U.S. Shale Oil Production Expected to Jump by 80,000 bpd in March, Driven by Texas’ Permian Basin
The latest U.S. Energy Information Administration (EIA) drilling productivity report projects U.S. shale oil production will increase by roughly 80,000 barrels per day (bpd) in March, with 70,000 bpd produced in Texas’ Permian Basin, as the following EIA chart illustrates.
EIA forecasts oil production from the country’s seven major shale regions to reach nearly 4.9 million bpd in March, making up over half of the total U.S. oil production. Thanks to ever improving shale development technologies and techniques, the amount of oil produced from shale as well as the lifespan of hydraulically fractured wells continues to increase. As this report shows, these improvements have resulted in shale development becoming more critical than ever for domestic oil production — especially as producers still face a difficult commodity market.
But better development technology is just one factor facilitating the rise U.S. shale oil production, as a wealth of domestic natural resources, particularly in Texas, have also played a key role. As EID recently reported, West Texas’ Permian Basin is awash with oil and EIA’s latest production report further solidifies this fact. According to the report, the projected 70,000 bpd increase will raise total shale oil output from the region to an astonishing 2.25 million bpd. Moreover, this rise in production represents the largest monthly increase in over a year.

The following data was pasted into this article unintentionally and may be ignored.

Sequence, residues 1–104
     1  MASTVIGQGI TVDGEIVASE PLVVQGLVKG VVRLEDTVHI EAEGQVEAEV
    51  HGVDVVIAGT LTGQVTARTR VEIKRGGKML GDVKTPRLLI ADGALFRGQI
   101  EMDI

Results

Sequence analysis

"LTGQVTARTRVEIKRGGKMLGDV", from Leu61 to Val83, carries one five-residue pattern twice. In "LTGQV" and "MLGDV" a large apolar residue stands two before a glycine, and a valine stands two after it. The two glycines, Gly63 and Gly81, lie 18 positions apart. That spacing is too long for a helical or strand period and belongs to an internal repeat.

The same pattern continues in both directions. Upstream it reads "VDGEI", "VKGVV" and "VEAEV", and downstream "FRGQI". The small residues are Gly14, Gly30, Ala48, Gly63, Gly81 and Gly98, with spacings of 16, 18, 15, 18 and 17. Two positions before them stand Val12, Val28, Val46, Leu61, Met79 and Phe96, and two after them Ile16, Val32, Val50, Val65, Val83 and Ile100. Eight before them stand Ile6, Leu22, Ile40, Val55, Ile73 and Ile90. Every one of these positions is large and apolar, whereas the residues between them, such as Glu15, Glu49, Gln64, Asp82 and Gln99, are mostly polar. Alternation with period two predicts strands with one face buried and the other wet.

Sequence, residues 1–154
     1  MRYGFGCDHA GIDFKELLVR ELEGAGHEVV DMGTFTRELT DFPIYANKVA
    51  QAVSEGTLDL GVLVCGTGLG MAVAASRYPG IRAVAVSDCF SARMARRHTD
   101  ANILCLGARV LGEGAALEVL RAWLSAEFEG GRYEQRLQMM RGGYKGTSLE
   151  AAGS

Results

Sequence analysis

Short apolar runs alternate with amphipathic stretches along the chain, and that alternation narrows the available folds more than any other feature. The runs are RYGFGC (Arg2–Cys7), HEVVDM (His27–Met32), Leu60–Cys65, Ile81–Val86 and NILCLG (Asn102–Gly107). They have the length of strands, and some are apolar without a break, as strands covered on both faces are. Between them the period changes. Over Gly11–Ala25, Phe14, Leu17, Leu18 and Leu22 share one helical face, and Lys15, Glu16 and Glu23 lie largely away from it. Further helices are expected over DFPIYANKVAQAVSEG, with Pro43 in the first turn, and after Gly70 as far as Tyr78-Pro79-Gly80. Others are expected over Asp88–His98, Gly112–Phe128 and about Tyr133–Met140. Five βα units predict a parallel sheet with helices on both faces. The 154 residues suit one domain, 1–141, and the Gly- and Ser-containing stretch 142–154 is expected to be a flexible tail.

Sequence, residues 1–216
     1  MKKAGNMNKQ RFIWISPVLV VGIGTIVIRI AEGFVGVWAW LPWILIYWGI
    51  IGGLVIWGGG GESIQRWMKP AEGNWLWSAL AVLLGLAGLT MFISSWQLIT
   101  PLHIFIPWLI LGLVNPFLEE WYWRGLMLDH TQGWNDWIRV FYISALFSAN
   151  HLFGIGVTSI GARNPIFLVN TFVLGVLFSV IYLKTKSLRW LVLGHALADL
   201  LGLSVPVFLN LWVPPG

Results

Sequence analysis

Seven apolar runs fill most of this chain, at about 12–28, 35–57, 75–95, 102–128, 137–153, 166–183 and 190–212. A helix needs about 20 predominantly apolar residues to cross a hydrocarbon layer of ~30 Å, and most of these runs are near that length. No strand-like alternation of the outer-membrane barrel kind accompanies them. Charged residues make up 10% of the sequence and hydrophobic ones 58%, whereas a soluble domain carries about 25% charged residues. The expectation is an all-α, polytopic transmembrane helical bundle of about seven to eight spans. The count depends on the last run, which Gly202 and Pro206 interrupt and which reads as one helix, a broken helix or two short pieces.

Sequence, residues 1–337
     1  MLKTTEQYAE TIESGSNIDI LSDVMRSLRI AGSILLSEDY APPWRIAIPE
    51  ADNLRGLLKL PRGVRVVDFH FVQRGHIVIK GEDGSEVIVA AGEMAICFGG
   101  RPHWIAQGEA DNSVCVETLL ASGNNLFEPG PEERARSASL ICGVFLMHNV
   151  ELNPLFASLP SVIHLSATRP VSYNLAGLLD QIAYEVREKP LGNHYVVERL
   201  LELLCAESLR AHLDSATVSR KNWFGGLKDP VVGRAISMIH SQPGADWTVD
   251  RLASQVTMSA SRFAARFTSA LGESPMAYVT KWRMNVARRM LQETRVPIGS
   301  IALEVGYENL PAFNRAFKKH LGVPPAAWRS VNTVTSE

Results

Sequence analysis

In addition to unbelievable growth in the Permian, production in South Texas’ Eagle Ford shale is also expected to rise significantly. Projected to increase by 14,000 barrels next month, total output from the Eagle Ford is expected to reach over 1 million bpd. This rise in production means Texas shale oil production will make up about roughly 67 percent of total crude oil production from shale. Overall, the Permian and Eagle Ford shales are the number one and number three most productive U.S. shale plays for crude oil, respectively.
While low commodity prices still pose a challenge to U.S. producers, increased growth in Texas shale oil production not only shows the resilience of the industry but also provides a ray of hope for the future of American energy production.